Jamdani Yardage thumbnail 1
Not currently on display at the V&A

Jamdani Yardage

c.1855 (made)
Place Of Origin

Dhaka, today the capital of Bangladesh, was traditionally known as a centre for weaving fine cotton muslin fabrics, and also for embroidering them. While there was a huge market for muslin in India and the Middle East, from the late 18th century it also became very popular in Britain and France for women’s dress. This delicately embroidered length of muslin would have been used to make one of the elegant ‘empire-line’ dresses fashionable in Britain at that time. Simple white cotton dresses would have been worn with equally fashionable Kashmir shawls to complete the softer style of draped costume that was the height of fashion in western Europe in the early years of the 19th century.


object details
Categories
Object Type
Materials and Techniques
Brief Description
Length of jamdani yardage with diagonal stripes, Dhaka, c.1855; Textiles
Physical Description
Length of muslin patterned with diagonal stripes of pulled work, alternating with abstract diamond motif. Recorded in original acquisition records as jamdani work (discontinuous supplementary cotton weft patterning in muslin). One of five cut pieces.

Dimensions
  • Width: 84cm
Original dimensions: 9995 x 800mm, weight 320g; 34 ends p/cm, 28 picks p/cm
Object history
Transferred from India Museum 1879. Slip book entry 2738: 'Muslin Flowered, Jamdanee Kind, Dacca, Diagonal Stripes, Discolored from Show'. Appears in John Forbes Watson's The Textile Manufactures of India, Second Series (India Museum, London, 1873-77), No. 874: 'MUSLIN. Length, 10 Yds. 33 1/2 Ins.; Width, 31 1/2 Ins.; Weight, 11 oz. 5 dr. DACCA. No. 874, Second Series. "2738".'
Summary
Dhaka, today the capital of Bangladesh, was traditionally known as a centre for weaving fine cotton muslin fabrics, and also for embroidering them. While there was a huge market for muslin in India and the Middle East, from the late 18th century it also became very popular in Britain and France for women’s dress. This delicately embroidered length of muslin would have been used to make one of the elegant ‘empire-line’ dresses fashionable in Britain at that time. Simple white cotton dresses would have been worn with equally fashionable Kashmir shawls to complete the softer style of draped costume that was the height of fashion in western Europe in the early years of the 19th century.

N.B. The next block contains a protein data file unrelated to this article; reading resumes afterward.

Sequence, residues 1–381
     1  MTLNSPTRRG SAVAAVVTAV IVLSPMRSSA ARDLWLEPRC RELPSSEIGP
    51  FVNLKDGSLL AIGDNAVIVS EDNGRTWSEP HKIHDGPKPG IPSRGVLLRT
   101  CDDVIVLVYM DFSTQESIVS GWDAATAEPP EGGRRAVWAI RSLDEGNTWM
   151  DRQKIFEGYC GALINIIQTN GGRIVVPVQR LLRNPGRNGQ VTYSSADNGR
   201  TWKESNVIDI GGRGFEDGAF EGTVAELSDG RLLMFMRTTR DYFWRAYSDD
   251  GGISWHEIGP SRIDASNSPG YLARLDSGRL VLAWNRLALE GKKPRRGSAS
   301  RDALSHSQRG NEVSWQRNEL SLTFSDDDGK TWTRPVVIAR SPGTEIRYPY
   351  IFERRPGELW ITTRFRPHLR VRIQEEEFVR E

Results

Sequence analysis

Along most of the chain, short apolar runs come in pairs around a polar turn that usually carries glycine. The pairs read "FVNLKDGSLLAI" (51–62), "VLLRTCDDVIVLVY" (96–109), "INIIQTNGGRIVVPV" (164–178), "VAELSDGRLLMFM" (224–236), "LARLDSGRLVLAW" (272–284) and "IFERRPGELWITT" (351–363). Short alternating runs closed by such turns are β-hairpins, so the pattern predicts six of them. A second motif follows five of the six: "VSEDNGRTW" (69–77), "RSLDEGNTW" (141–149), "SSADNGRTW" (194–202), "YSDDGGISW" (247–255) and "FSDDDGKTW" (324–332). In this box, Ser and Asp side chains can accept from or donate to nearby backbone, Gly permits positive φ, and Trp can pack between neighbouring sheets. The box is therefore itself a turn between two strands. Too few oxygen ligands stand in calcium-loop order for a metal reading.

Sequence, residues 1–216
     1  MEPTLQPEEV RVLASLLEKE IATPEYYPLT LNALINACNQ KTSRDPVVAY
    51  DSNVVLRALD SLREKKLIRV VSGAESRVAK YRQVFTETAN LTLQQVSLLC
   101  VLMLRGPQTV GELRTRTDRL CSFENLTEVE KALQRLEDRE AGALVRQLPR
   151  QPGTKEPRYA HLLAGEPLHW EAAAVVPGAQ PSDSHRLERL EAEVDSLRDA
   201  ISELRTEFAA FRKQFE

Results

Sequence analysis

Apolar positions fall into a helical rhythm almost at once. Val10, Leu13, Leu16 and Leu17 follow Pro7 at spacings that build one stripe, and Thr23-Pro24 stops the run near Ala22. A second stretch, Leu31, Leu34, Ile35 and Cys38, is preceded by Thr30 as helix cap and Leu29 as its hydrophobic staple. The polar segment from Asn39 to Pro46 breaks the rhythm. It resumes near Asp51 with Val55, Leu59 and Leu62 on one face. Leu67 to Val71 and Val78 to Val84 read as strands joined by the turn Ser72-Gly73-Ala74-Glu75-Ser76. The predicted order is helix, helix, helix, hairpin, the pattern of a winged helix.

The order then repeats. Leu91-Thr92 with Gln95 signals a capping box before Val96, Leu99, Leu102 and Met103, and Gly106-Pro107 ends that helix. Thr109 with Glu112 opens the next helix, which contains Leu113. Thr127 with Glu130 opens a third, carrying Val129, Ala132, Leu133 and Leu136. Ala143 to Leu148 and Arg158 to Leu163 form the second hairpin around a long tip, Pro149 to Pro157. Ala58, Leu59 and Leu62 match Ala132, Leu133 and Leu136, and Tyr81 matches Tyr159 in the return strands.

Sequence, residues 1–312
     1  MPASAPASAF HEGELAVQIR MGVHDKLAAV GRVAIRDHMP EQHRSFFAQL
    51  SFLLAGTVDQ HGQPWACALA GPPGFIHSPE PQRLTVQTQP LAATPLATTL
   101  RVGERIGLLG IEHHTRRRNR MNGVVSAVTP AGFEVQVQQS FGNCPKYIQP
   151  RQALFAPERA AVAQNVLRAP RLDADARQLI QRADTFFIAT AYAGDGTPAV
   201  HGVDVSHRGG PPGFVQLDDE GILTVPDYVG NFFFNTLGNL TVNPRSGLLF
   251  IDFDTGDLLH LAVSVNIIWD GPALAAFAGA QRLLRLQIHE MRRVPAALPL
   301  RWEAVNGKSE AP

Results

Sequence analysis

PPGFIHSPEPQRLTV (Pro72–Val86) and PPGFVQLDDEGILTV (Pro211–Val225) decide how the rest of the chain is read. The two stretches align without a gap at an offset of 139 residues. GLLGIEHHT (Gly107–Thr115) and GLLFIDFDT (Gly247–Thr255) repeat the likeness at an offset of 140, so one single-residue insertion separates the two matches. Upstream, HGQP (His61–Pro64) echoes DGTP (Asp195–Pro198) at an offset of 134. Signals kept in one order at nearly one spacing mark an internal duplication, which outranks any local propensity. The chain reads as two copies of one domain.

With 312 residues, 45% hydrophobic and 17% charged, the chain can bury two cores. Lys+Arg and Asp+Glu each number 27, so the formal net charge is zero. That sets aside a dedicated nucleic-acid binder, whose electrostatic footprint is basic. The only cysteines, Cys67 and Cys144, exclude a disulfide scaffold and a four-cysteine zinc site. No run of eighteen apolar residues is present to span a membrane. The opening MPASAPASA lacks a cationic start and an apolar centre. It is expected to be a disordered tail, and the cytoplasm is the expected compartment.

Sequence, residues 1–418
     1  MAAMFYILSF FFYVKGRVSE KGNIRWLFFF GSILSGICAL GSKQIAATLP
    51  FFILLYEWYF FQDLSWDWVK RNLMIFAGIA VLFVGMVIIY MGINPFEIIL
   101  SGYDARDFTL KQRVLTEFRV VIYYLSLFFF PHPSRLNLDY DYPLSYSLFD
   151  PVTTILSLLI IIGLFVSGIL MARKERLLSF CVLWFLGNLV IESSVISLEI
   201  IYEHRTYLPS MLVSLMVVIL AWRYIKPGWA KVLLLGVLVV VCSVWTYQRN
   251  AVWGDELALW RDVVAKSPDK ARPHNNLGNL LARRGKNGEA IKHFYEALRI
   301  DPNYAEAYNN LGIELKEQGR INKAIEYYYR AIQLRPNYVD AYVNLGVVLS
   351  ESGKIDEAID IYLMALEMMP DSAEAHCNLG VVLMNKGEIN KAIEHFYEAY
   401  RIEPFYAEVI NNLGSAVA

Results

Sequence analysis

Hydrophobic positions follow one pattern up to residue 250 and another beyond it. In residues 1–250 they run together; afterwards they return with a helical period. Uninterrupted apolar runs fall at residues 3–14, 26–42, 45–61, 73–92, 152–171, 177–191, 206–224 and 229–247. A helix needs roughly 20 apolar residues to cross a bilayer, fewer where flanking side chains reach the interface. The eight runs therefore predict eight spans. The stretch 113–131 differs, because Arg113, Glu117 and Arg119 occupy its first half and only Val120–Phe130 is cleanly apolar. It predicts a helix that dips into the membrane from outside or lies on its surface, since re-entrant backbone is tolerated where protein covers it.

Associated Objects
Bibliographic References
  • Indian embroidery / Rosemary Crill ; photography by Richard Davis. London: V&A Publications, 1999 Number: 185177310X, 1851772944 (pbk.)p. 55, cat. no. 44
  • Ashmore, Sonia. "Muslin", London, V&A Publishing, 2012.p. 77, p. 100, pls. 29 and 30 (detail).
Other Number
2738 - India Museum Slip Book
Collection
Accession Number
0214(IS)

About this object record

Explore the Collections contains over a million catalogue records, and over half a million images. It is a working database that includes information compiled over the life of the museum. Some of our records may contain offensive and discriminatory language, or reflect outdated ideas, practice and analysis. We are committed to addressing these issues, and to review and update our records accordingly.

You can write to us to suggest improvements to the record.

Suggest Feedback

record createdMarch 26, 2003
Record URL